More than 15 percent of older Americans take thyroid hormone, and its use has risen—mostly among people with subclinical hypothyroidism, defined as an elevated blood level of thyroid stimulating hormone (TSH) but a normal level of the thyroid hormone thyroxine (T4).
People who experience fatigue, weight gain, hair loss, depression, and “brain fog” may attribute these and other vague symptoms to subclinical hypothyroidism, though such symptoms could be due to a range of other conditions. Now two papers have suggested that many people with subclinical hypothyroidism may be taking thyroid hormone unnecessarily, particularly older adults.
In the first paper, published in BMJ in May 2019, an international expert panel issued a “strong recommendation” against routinely prescribing thyroid hormone for people with subclinical hypothyroidism. The recommendation was based on an analysis of 21 clinical trials with nearly 2,200 participants, which found that for people with subclinical hypothyroidism, the hormone (usually levothyroxine, a synthetic version of T4) consistently demonstrates “no clinically relevant benefits for quality of life or thyroid-related symptoms, including depressive symptoms, fatigue, and body mass index.”
The recommendation doesn’t apply to certain groups, including people with a “very high” TSH (which the panel defined as above 20) but a normal T4 level. (This is more conservative than other guidelines, which tend to advise treating TSH levels over 10.) People with severe symptoms or who are younger than 30 may also still benefit from treatment, the panel said.
The second paper, a review in the Journal of the American Medical Association (JAMA) in July 2019, reached a similar conclusion, with the authors noting that TSH levels often rise with age even though nothing is wrong with the thyroid. “This phenomenon has likely led to an overestimation of the true prevalence of subclinical hypothyroidism in persons older than 70 years,” the authors wrote. They added that there is no evidence that levothyroxine therapy for subclinical hypothyroidism is beneficial in people 65 and older.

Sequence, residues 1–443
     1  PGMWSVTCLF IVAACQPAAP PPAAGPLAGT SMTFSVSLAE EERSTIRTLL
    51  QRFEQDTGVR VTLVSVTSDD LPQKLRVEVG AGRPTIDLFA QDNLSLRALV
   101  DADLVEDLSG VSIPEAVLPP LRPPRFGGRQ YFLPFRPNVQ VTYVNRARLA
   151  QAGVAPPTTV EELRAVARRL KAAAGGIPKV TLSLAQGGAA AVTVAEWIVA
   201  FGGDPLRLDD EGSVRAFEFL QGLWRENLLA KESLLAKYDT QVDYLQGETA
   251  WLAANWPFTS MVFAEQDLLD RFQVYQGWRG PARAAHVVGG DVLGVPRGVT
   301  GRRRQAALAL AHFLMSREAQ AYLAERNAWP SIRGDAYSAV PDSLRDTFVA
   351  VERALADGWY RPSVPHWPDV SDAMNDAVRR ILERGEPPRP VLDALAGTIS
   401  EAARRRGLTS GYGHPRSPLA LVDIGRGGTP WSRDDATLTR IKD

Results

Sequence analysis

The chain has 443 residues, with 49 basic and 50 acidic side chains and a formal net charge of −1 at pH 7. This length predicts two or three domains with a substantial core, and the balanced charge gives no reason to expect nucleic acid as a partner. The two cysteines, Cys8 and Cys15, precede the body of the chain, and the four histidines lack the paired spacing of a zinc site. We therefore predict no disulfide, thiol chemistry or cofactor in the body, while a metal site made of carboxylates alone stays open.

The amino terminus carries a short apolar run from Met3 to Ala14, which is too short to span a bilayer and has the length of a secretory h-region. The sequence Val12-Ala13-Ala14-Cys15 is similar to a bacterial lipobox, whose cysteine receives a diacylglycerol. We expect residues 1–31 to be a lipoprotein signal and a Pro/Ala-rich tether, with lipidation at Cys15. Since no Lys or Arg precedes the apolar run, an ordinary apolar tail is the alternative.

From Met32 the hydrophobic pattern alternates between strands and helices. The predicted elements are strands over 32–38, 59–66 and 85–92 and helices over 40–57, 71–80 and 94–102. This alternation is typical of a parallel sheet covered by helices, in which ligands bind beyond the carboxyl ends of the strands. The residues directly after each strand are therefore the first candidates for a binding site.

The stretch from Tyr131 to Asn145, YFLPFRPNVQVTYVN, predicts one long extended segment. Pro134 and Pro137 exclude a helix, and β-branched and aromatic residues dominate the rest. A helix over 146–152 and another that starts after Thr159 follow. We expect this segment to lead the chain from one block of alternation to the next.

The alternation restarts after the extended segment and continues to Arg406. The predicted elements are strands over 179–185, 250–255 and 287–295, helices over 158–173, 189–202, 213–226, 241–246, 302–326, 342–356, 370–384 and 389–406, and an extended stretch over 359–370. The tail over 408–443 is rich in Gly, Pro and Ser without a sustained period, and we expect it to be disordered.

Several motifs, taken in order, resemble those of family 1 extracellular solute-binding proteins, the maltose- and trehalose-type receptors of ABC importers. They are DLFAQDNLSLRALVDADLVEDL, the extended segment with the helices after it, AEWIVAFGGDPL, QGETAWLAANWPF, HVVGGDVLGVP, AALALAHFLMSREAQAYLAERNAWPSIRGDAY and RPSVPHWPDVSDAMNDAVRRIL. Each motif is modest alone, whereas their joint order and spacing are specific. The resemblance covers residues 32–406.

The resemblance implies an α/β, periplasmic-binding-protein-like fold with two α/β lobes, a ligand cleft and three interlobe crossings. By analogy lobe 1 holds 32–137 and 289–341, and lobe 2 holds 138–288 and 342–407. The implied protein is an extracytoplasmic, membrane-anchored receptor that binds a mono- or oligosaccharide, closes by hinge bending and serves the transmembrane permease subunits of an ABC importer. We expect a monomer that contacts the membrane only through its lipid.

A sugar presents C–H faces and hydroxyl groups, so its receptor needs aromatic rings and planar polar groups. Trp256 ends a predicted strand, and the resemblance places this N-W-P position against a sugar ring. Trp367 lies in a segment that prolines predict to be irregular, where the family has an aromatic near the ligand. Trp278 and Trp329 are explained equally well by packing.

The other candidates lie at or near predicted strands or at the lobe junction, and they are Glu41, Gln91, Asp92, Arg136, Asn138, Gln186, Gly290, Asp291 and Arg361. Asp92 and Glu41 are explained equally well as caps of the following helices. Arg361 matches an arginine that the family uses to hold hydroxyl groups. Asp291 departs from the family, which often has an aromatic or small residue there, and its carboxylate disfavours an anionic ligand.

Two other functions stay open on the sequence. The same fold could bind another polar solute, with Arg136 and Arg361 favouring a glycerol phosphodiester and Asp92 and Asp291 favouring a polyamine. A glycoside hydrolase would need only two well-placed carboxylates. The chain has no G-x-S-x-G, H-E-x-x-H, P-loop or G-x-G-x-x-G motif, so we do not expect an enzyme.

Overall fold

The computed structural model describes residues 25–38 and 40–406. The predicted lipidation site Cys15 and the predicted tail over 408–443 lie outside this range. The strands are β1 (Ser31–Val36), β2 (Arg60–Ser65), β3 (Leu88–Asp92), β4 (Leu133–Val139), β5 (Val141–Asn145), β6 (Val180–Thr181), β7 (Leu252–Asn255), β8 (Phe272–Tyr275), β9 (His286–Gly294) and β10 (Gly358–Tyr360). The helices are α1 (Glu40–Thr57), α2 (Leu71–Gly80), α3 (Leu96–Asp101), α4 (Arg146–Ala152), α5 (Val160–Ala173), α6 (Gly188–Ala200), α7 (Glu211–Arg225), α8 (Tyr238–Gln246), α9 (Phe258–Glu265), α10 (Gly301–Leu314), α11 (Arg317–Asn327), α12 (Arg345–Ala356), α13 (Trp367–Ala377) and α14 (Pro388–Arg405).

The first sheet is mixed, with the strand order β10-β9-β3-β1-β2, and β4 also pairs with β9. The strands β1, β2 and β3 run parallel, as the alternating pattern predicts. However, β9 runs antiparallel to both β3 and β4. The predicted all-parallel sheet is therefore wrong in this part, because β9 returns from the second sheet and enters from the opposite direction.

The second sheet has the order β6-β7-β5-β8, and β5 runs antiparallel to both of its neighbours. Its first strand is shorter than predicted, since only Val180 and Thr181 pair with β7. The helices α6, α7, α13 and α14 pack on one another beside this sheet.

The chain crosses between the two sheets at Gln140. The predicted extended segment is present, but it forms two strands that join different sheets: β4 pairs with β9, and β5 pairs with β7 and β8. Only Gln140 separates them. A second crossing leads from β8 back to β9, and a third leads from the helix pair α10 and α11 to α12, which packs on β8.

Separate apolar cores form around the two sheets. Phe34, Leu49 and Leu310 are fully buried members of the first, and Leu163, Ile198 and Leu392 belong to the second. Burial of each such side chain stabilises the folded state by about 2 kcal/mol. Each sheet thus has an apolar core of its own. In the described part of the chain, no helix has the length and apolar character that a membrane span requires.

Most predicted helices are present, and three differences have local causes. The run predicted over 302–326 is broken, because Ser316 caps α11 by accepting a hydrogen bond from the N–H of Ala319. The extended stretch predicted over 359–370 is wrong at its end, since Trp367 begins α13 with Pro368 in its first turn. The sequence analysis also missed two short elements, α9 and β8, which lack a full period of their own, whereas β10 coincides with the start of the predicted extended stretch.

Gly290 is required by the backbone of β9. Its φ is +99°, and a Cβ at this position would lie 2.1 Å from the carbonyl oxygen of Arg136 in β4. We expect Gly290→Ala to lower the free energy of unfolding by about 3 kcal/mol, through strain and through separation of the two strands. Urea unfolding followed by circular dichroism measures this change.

Like the earlier paper, the JAMA review concluded that most people with subclinical hypothyroidism should be monitored by their doctors, rather than treated with levothyroxine. People for whom treatment “might be indicated” include those with TSH levels of 10 or higher and young or middle-aged people who are having symptoms consistent with mild hypothyroidism.
What you should do
If you are taking levothyroxine, you should have your thyroid hormone levels tested regularly to make sure the dosage isn’t too high (which in effect can cause hyperthyroidism). And don’t stop taking the medication without medical advice. Note that neither the BMJ nor the JAMA recommendation applies to pregnant women, who are usually treated with levothyroxine for subclinical hypothyroidism because of the risks that an underactive thyroid pose to the fetus, including premature birth and miscarriage.
This article first appeared in the UC Berkeley Wellness Letter.
Also see The Cholesterol-Thyroid Connection.